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Thursday, April 8, 2010

The Chosen Ticket Giveaway

Posted by Alison Hallett on Thu, Apr 8, 2010 at 10:53 AM

chosen-in-library.jpg

Portland Center Stage's production of The Chosen opens this weekend—the play is based on Chaim Potok's novel of the same name, about two Jewish boys coming of age in 1940s Brooklyn. Over on PCS' website, Powell's employee Christopher Johnson has curated a list of some other coming-of-age novels (or bildungsroman, for you fancy talkers—one of those words I've never had the nerve to say out loud). All of this is of interest to you because now I'm going to do a contest giveaway where you tell me in the comments what your favorite coming-of-age novel is and why, and I pick a comment that I like, and give the winner a pair of tickets to The Chosen as well as their choice of books from the Powell's list. (I recommend Black Swan Green—a great place to start if you've never read David Mitchell.) Okay? Okay. I'll start you off with a couple of my favorites.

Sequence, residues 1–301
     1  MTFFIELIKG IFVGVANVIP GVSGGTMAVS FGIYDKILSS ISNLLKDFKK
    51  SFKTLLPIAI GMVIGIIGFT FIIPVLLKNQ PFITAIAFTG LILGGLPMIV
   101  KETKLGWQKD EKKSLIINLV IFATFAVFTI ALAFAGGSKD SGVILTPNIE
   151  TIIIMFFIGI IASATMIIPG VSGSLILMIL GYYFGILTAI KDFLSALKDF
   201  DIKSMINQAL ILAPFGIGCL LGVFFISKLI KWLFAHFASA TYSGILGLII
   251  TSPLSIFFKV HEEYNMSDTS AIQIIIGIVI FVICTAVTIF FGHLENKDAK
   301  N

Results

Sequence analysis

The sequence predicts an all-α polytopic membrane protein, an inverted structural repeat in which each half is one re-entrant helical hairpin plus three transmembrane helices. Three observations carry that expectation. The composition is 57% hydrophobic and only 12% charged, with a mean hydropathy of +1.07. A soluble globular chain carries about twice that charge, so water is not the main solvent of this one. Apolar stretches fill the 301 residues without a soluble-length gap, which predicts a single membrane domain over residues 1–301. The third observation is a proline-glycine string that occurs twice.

A Tree Grows in Brooklyn by Betty Smith: I recently reread this book and was surprised and impressed by how well it holds up. If you can handle the nearly 200 pages of setbuilding before the story kicks in (and you should, because Smith recalls early 20th century Brooklyn with incredible detail and texture), and if you're not too put off by sentimentality (stock characters include the drunk-dad-who-likes-to-sing and the whorey-aunt-with-a-heart-of-gold), it's a really affecting read.

The Rachel Papers by Martin Amis: Martin Amis' first novel, about a young man and his girlfriend, is crude and adolescent and very fun to read.

Prep by Curtis Sittenfeld: I read this by a pool in Southern California, a coastal counterpoint to the East Coast boarding school where the novel is set. The protagonist, Lee, is a scholarship student from the Midwest, out of her league in an affluent Massachusetts boarding school—the book follows her from freshman year to graduation. It's been a while since I've read it, but I remember being really impressed by the protagonist's voice, which was perceptive and relatable without being cloying or too precocious.

To Kill a Mockingbird by Harper Lee: Obvs.

I think I could keep at this all day, but I'll turn it over to you guys. Go check out the Powell's list if you need some inspiration. I'll pick a winner by 3 pm tomorrow.

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